Tuesday, June 22, 2010

Politically feasible reform of social security

In many countries, social security systems face obvious challenges, yet little has been done about it so far. That is either because it is not possible to muster political support for it, or because politicians believe that is not possible. Let us have a look at this using some theory.

Georges Casamatta and João Gondim use a continuous time overlapping generations model to study out the parameters of a pay-as-you-go system can be modified in the face of a permanent negative fertility shock. cutting pensions benefits or delaying the retirement age find a majority of supporters, increasing the contribution rate does not. A critical aspect here is the status quo: an increase in the income tax necessary to balance the social security budget. Too often, people compare a reform to the current policy, instead of thinking what emergency reform would have to be performed once the shock has impacted.

People favor a cut in benefits even though it decreases their lifetime consumption because it gives a better stream of consumption through their life cycle, i.e., they are fine with having more now and less alter. Which also means an increase in the payroll tax is not acceptable. And an increase in the retirement age achieves the same objective, again compared to a status quo with a high tax rate, and also to the two other policy moves.

This assumed the changes in policy were applied at the moment the fertility shock happened. Delaying it changes preferences, and depending on demographics, things can go towards favoring one or the other policy change.

7 comments:

Mark B. said...

It seems that people often don't want to deal with a problem until its right in front of them. I think this is especially true in politics because so many politicians are only looking as far as the next election.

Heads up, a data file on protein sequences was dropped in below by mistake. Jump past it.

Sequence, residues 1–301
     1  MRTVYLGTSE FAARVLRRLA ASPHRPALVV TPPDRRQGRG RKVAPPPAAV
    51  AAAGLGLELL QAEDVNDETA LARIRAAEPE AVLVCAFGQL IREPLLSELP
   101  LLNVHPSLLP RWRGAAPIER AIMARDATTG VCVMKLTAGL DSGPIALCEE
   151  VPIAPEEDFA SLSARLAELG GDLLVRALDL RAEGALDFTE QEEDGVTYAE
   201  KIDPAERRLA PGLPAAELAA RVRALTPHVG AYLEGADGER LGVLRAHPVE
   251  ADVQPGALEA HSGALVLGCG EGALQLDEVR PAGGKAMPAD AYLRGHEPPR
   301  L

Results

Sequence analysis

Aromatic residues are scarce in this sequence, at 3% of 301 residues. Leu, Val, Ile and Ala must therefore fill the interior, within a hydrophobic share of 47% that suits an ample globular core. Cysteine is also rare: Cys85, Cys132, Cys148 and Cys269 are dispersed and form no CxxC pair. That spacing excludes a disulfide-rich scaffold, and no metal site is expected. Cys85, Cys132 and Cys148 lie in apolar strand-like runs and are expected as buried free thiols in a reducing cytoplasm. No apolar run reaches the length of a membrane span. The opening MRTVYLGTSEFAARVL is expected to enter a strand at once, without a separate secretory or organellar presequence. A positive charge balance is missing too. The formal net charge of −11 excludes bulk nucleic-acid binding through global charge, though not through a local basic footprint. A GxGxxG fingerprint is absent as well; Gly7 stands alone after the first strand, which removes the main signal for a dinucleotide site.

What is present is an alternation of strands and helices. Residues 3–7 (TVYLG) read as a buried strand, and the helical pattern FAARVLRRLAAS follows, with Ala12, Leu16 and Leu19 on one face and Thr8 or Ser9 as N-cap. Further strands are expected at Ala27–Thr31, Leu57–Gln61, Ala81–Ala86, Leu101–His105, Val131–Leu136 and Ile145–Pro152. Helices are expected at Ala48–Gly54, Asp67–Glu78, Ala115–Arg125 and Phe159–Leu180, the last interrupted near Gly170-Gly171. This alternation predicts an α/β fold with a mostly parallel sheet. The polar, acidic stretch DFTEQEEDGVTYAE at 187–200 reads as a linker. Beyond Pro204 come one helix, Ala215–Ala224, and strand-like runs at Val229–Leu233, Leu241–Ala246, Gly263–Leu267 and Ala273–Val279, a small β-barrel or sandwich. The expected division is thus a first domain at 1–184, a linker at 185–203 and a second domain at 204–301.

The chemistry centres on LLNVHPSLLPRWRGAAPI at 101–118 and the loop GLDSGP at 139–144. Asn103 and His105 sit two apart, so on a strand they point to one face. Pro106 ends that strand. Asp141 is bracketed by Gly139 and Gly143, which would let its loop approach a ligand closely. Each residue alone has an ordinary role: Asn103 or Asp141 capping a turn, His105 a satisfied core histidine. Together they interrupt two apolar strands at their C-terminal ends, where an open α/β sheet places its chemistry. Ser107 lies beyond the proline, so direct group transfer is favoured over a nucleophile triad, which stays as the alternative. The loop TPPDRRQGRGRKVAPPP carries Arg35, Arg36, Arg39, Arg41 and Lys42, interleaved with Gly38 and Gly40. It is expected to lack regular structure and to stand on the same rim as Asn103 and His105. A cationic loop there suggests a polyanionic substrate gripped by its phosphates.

agentcontinuum said...

And then there's always some kind of individual accounts + subsidy, that is, get rid of the pay-as-you-go aspect all together while keeping the mandatory savings + minimum "safety net" parts.

Some countries did this already. Any news on how it's going? This is really not my literature, so any references are welcome.

Vilfredo said...

Previous post by EL saying that a reform is possible here.

Kansan said...

It is the same as increasing fuel taxes and reducing income taxes in counterpart: it makes sense, people understand that, and politicians are still afraid.

stacey said...

YES kANSAS you are right and i wonder why they are afraid

blissettluther said...
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rosserjb@jmu.edu said...

These authors claim that while raising the retirement age is acceptable, raising the payroll tax is not in social security changes. But the combination of the two is exactly what was done during that last major change in social security in 1982 as a result of the Greenspan Commission recommendations, supported by tax-cutting President Reagan. Are these authors aware of this when they promulgate this supposed lack of acceptabililty, or are they just ignorant?